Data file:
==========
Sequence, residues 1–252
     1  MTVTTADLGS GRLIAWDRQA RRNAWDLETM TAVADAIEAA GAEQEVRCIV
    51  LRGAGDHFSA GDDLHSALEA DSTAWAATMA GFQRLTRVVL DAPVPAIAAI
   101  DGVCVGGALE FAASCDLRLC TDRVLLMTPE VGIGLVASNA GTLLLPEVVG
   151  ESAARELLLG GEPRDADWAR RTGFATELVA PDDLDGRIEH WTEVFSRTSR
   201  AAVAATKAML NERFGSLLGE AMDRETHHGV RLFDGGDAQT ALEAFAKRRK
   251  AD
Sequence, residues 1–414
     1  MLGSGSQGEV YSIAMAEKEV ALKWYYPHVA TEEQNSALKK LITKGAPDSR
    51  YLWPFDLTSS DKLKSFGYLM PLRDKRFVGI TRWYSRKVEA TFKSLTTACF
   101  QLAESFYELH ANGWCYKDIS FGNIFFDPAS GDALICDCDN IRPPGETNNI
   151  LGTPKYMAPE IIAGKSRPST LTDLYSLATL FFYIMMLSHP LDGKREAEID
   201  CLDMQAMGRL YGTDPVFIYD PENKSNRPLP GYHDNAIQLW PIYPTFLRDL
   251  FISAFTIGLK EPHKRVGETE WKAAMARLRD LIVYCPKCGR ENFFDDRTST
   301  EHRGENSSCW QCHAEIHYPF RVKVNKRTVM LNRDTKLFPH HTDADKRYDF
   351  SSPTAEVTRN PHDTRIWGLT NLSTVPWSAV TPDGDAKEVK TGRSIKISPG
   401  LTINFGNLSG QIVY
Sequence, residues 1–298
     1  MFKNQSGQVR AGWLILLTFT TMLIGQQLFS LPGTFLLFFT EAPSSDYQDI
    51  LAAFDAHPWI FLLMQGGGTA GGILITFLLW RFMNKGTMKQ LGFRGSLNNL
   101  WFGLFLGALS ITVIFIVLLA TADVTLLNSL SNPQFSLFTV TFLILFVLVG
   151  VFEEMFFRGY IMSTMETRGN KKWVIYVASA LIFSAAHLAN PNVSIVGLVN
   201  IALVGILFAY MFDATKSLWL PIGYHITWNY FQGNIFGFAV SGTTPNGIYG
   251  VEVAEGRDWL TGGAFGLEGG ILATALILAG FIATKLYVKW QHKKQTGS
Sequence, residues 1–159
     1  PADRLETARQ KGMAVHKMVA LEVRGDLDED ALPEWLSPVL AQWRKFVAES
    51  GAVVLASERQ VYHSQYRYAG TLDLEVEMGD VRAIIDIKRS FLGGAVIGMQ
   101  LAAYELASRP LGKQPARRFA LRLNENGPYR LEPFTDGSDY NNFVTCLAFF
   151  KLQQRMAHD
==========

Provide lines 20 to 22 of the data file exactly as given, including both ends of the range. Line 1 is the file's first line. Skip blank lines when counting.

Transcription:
    51  LAAFDAHPWI FLLMQGGGTA GGILITFLLW RFMNKGTMKQ LGFRGSLNNL
   101  WFGLFLGALS ITVIFIVLLA TADVTLLNSL SNPQFSLFTV TFLILFVLVG
   151  VFEEMFFRGY IMSTMETRGN KKWVIYVASA LIFSAAHLAN PNVSIVGLVN